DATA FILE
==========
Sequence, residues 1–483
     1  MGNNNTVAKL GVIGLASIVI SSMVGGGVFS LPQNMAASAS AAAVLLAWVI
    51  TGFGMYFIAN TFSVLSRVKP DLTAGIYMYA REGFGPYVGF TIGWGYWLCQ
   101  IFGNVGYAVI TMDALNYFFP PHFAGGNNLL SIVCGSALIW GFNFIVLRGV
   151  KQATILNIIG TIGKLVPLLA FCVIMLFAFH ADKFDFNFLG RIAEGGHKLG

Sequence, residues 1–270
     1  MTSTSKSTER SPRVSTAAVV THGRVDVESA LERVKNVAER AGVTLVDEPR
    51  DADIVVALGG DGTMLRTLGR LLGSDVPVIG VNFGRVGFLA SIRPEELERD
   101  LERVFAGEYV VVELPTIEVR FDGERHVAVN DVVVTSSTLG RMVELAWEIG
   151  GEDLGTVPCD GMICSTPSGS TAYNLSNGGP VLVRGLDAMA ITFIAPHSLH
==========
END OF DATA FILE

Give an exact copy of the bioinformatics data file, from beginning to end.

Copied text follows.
Sequence, residues 1–483
     1  MGNNNTVAKL GVIGLASIVI SSMVGGGVFS LPQNMAASAS AAAVLLAWVI
    51  TGFGMYFIAN TFSVLSRVKP DLTAGIYMYA REGFGPYVGF TIGWGYWLCQ
   101  IFGNVGYAVI TMDALNYFFP PHFAGGNNLL SIVCGSALIW GFNFIVLRGV
   151  KQATILNIIG TIGKLVPLLA FCVIMLFAFH ADKFDFNFLG RIAEGGHKLG

Sequence, residues 1–270
     1  MTSTSKSTER SPRVSTAAVV THGRVDVESA LERVKNVAER AGVTLVDEPR
    51  DADIVVALGG DGTMLRTLGR LLGSDVPVIG VNFGRVGFLA SIRPEELERD
   101  LERVFAGEYV VVELPTIEVR FDGERHVAVN DVVVTSSTLG RMVELAWEIG
   151  GEDLGTVPCD GMICSTPSGS TAYNLSNGGP VLVRGLDAMA ITFIAPHSLH